7. A method of setting resistances of resistors in a current generator comprising the steps of:
(a) setting a maximum trim factor for the resistors; (b) determining the appropriate target resistances of each of the resistors based on the maximum trim factor; (c) forming the resistors with a resistance distribution which is centered on the corresponding determined target resistance values, the resistors being formed in a process which tolerates variation of the resistance. 8. The method of claim 7 further comprising the steps of measuring the current generated by the current generator, and in the event the measured current exceeds a target value, trimming a first one of the resistors, and in the event the measured current is less than the target value, trimming the other of the resistors.
9. A reference current generator for providing a reference current, comprising:
two pairs of transistors, wherein said transistors in a first of said two pairs have common bases and wherein said transistors in a second of said two pairs have common bases, and wherein emitters of said transistors in said second pair are connected to a DC potential and collectors of said transistors in said second pair are each connected to a corresponding collector of one of said transistors of said first pair; and two resistors, a first of said two resistors being connected in series between the DC potential and a first transistor of said first pair, and a second of said two resistors being connected in series between the DC potential and a second transistor of said first pair. 10. The reference current generator of claim 9 wherein the DC potential is a negative supply voltage.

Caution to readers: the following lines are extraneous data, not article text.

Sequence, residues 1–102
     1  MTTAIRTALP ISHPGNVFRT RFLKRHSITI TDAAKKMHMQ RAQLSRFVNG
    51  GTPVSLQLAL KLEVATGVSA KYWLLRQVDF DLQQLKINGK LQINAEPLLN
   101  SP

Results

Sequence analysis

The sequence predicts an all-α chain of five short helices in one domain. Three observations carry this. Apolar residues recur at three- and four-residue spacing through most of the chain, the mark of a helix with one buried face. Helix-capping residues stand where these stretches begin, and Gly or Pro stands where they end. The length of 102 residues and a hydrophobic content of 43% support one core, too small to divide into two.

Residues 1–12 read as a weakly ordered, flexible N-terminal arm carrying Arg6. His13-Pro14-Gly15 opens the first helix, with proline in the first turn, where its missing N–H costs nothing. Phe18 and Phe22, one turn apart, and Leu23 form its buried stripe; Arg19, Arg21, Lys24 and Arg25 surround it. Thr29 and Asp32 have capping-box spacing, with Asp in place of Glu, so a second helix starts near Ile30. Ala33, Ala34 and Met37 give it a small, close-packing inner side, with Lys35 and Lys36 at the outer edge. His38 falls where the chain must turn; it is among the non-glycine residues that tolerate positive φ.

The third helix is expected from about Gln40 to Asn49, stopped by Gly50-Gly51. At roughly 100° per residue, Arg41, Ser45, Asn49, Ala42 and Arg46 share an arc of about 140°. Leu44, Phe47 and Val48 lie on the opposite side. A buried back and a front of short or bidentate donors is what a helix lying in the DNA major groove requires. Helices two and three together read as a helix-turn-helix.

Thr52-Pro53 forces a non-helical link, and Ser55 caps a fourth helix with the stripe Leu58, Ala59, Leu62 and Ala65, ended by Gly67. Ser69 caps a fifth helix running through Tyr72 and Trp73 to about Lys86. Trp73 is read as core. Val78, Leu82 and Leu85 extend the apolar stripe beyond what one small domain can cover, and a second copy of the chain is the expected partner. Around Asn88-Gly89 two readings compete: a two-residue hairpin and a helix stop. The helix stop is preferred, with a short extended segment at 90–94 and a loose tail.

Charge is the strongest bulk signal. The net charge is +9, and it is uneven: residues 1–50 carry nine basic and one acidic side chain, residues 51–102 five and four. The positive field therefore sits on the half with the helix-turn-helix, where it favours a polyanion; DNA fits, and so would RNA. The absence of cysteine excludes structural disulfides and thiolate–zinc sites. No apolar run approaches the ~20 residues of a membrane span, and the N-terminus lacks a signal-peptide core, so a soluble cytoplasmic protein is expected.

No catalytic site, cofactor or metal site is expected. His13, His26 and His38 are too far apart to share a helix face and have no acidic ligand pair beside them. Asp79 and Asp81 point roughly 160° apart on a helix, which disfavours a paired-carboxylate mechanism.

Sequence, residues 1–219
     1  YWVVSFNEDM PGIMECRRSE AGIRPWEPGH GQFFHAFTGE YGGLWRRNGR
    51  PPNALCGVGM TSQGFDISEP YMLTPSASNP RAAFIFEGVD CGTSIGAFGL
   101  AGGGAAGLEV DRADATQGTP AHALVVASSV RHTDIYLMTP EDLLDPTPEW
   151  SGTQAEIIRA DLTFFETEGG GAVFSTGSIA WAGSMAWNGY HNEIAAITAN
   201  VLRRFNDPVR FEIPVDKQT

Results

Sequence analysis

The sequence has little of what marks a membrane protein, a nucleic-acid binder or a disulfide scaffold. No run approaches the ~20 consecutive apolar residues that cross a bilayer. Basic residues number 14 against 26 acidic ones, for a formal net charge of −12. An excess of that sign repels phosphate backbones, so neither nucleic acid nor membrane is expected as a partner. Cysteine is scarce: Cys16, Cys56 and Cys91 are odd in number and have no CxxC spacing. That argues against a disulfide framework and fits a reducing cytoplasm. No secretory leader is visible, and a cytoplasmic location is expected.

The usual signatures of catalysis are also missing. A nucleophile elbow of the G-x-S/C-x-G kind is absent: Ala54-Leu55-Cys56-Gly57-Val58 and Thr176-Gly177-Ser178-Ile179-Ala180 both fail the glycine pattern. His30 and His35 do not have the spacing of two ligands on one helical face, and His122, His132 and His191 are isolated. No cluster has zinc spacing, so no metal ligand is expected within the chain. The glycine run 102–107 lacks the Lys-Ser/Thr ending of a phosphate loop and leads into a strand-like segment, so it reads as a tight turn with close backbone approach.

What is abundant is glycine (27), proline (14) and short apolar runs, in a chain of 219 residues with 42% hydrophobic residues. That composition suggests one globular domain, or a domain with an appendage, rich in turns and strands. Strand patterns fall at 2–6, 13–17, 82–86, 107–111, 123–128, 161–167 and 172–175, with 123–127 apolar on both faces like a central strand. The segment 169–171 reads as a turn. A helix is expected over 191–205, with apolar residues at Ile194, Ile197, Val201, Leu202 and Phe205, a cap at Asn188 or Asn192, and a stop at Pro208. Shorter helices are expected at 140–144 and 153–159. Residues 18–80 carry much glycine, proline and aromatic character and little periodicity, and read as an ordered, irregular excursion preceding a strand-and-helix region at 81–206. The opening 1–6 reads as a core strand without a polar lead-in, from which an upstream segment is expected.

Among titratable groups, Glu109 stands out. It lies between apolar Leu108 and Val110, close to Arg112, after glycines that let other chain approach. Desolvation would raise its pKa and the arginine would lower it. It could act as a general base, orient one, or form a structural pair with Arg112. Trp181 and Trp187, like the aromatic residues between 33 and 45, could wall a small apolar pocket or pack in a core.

11. The reference current generator of claim 9 wherein the DC potential is a positive supply voltage.
12. A method of providing a constant current source within a desired range of current values for use as a reference current in one or more additional circuits, the method comprising: